Since moving to the USA, I have played less bridge than I am used to. But I have played enough to note that Bergen raises are very popular.
Responder's 2nd bid
We are about to enter one of the most disputed arenas of bidding theory -- fast arrival vs. picture bids.
Other rebids by opener at the 3-level and beyond
Getting back on track in these 2/1 discussions, we will finish our look at opener's first rebid today.
This will be a quick one. Our experts are playing in the finals of the Brazilian Trials, and we are building a backlog of interesting hands to comment upon in the coming days. This next hand, in the semifinals, struck my eye:
Miguel Villas-Boas picked up this nice collection, vulnerable, 3rd in hand. He was already thinking about how to deal with spade preempts when his partner pleased him by opening 1 Spade, himself. He bid 2 Diamonds (game forcing), and partner rebid 2 Spades.
I gave this hand as a problem to some intermediate and advanced players, and none of them chose Miguel's bid, 4 Diamonds. I think his bid is clearly the best. This little digression shows how people are reluctant to jump in a forcing auction even when they have the hand for it (setting trumps, asking for cuebids). This creates problems in the later auction. Not in Brenner-Villas Boas table, though (at least not yet!).
Diego Brenner bid what was probably the best thing Miguel could wish for -- 4 Hearts (cuebid), depicting either the King of hearts or shortness. East could perhaps bid 7 Diamonds now, but he chose to go through 4NT. Partner showed one Ace, and he bid 7 Diamonds. This was Diego's hand:
Excellent bidding, wasn't it?
But the auction was not over yet. Diego had a thoughtful idea. Since he had an undisclosed source of tricks, (and a nice hand of his own), perhaps 7NT would be safer, protecting against some bad break in diamonds. (He would have two bites at the apple rather than one -- if diamonds did not ran, perhaps spades would). And so he bid 7NT.
He picked an unfortunate time to do that, since his hand had no entries!
Luckily for them, South had a tough problem in picking the lead, and he picked... a spade. A happy ending for our experts, and 13 imps when the other table ended in 6 Diamonds (after East did not jump to 4 Diamonds over 2 Spades).
Opener's 2nd bid #2 - rebidding his suit, bidding 2NT, or raising partner's suit
These bids are also unlimited (though the 2NT bid is a special case), continuing the description of opener's hand while establishing the foundation for the choice of games or for slam bidding. Let us take each possibility in turn.
1. Rebid of own suit
The rebid of opener's own suit can have any strength, and does not guarantee 6 cards in the suit. It is, indeed, the "default bid" whenever a hand does not fit any other bid. Some examples of minimum and maximum hands after the auction 1 Spade - 2 Clubs:
Again, if you feel that 2 Spades is not enough with the 2nd hand, your instincts are in the right place. But there is no better bid. A jump to 3 Spades -- which will be discussed in the next article -- would require a better suit. There is no doubt you would have a lot of catching up to do once the bidding starts 1 Spade - 2 Clubs - 2 Spades, since partner will -- initially! -- picture you with something closer to the 1st hand We will discuss how to deal with that in a later article.
What are the kinds of hands that rebid opener's suit with only 5 cards? It depends on responder's suit. The auction 1 Spade - 2 Clubs leaves space for opener to rebid any red suit at the 2-level; the auction 1 Spade - 2 Hearts preempts the minor suits, which must now be shown at the 3-level. Bidding at the 3-level requires extras -- either in distribution or in high cards -- and so opener may be stuck with a rebid in his own suit with a hand like the following one, after 1 Spade - 2 Hearts:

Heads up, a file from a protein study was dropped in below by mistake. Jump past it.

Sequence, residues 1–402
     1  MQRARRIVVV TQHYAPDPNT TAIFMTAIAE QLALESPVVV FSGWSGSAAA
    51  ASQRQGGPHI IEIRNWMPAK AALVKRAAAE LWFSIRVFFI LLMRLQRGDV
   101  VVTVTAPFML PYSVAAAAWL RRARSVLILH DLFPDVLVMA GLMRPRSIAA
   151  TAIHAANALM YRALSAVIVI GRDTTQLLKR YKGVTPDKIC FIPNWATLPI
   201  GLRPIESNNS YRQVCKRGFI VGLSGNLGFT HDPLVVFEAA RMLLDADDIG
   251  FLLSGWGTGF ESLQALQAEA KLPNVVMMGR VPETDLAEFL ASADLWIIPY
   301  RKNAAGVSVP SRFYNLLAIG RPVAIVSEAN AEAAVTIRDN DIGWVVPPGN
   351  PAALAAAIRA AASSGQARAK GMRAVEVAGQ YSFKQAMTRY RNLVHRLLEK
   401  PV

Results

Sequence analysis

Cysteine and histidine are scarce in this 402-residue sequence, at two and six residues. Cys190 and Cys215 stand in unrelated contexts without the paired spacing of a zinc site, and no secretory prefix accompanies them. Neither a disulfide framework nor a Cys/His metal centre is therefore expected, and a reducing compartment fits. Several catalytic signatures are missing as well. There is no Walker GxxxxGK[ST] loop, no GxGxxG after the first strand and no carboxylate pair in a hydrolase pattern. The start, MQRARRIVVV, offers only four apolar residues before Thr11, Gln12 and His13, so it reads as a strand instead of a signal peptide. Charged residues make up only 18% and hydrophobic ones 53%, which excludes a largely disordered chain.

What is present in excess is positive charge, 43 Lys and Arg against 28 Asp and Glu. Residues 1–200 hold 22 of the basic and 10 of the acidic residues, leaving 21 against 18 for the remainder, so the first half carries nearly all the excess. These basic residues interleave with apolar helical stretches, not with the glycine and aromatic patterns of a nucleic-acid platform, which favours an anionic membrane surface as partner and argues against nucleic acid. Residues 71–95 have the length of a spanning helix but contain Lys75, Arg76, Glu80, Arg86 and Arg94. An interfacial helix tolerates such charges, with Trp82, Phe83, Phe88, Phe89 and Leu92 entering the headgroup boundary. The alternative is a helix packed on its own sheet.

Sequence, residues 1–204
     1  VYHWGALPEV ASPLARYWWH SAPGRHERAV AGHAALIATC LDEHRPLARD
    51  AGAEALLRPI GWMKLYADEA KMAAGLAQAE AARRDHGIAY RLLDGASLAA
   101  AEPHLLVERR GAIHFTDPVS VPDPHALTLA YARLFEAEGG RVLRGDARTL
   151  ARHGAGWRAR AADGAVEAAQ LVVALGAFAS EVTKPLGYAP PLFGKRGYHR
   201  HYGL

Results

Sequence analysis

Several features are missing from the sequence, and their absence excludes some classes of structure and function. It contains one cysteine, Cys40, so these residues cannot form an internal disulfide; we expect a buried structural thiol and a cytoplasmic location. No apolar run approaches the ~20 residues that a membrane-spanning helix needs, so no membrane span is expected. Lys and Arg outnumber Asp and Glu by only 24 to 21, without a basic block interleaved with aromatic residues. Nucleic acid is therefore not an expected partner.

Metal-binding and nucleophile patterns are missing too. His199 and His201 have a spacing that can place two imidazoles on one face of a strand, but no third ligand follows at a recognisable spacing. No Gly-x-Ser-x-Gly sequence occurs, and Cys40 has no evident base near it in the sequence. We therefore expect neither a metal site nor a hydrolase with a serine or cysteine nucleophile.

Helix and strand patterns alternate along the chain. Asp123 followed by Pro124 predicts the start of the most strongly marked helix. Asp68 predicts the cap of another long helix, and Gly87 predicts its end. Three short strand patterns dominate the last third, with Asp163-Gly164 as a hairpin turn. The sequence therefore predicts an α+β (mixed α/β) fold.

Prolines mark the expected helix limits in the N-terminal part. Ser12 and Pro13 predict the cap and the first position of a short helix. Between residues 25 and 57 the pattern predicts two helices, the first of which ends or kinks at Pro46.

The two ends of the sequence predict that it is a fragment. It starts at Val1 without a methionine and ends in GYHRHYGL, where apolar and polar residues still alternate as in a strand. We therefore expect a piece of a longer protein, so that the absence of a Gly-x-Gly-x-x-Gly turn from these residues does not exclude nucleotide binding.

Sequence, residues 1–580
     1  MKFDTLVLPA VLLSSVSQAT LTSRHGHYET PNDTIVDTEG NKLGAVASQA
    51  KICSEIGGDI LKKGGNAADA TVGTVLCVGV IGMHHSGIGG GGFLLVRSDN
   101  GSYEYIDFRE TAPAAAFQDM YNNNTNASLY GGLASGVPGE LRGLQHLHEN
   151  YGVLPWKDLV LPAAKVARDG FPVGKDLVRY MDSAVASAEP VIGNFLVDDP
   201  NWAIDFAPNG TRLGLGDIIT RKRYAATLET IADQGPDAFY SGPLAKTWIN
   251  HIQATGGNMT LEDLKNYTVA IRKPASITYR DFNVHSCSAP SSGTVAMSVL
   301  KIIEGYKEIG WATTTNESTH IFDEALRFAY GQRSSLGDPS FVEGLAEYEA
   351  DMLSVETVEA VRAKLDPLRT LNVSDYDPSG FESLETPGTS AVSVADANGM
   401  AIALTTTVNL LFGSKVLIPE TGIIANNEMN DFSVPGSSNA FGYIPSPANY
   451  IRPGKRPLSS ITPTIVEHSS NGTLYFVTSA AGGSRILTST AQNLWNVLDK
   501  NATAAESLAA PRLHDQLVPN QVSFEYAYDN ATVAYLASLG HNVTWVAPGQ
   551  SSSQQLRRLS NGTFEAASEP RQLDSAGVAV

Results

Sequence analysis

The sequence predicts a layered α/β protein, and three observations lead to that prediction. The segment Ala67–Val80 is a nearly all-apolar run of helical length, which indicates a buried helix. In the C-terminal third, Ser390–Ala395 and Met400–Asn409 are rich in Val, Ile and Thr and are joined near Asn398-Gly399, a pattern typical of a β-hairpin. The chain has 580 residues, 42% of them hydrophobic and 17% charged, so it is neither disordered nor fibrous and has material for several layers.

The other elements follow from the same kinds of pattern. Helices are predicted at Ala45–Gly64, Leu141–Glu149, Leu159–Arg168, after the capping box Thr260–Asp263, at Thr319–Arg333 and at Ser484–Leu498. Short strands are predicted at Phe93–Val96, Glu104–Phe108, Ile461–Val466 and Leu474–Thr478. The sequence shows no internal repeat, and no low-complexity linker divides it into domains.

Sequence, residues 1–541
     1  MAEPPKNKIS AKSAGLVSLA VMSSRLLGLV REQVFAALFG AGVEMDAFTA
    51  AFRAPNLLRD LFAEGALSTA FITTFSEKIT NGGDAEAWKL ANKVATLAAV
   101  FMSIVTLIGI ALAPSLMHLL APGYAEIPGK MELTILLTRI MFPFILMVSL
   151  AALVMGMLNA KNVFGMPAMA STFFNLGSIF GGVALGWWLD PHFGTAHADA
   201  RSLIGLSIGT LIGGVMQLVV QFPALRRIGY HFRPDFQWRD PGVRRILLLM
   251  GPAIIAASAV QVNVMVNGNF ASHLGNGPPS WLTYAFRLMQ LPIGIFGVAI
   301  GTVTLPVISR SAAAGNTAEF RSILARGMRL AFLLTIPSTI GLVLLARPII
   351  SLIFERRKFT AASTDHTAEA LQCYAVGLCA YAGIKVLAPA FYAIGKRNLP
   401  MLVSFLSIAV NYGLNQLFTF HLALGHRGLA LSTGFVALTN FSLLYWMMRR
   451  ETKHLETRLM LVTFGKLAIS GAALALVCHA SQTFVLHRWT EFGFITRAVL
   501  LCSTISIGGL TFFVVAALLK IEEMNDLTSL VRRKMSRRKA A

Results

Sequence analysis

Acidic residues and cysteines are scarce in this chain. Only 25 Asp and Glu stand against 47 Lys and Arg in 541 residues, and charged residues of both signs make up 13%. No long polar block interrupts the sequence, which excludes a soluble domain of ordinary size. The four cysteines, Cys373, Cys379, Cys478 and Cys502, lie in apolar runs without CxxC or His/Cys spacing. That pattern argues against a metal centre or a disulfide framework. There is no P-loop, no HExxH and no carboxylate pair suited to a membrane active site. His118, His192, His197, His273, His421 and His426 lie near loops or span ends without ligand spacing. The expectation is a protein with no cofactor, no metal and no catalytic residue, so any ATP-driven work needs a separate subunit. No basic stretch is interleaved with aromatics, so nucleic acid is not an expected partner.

This is a mild example. You could be forced to bid 2 Spades with a minimum 5-5! (It is a disgusting notion, and I try very hard to show the second suit, but some hands are so weak that I cannot bring myself to do it).
What this all means is that the more space you have to bid new suits, the less likely it is that you will have a hidden suit when you rebid your own suit. 1 Spade - 2 Clubs is the best auction in that family: opener is denying 4+ diamonds or hearts, and so will only have 5 spades if his hand is inadequate for a 2NT rebid, to be reviewed shortly. On the other hand, 1 Spade - 2 Hearts is an auction in which the rebid is quite vague, and it will probably have only 5 cards more often than not, considering how 5-4 hands are so common. I haven't done the research to establish this, but you should take this rebid with a grain of salt anyway.
2. The 2NT rebid
Here we have one of those bidding areas in which more than one style is popular and playable. Let me present each one in order:
2.1. 2NT shows extras
In this style, 2NT shows at least a good 14+ hand (i.e., 2NT is one of the bids which require a non-minimum, just as all other 3-level new suit non-jump bids). With a hand weaker than that, you rebid your own suit, the default bid.
Note some corollaries of this style:
2.2. 2NT shows a minimum (12-15)
This gives better definition to the opener's rebid of his own suit (since it takes the balanced 12-15, with adequate stoppers, out of it). It is still not a guarantee of a 6-card suit there, since some hands will be quite inadequate for a 2NT rebid (imagine AKJxx xxx xxx KJ, 1 Spade - 2 Clubs - ?). But it increases the odds of catching those 6 cards.
The corollaries are:
I honestly don't have any strong opinion on which is the best style. I have played both, effectively. Pick the one with which you feel most comfortable. If I had to make a guess about how an unknown partner would interpret it, I would go with the first option (2NT shows extras), but you should not have to guess. Discuss it with your partner!
3. A simple raise of partner's suit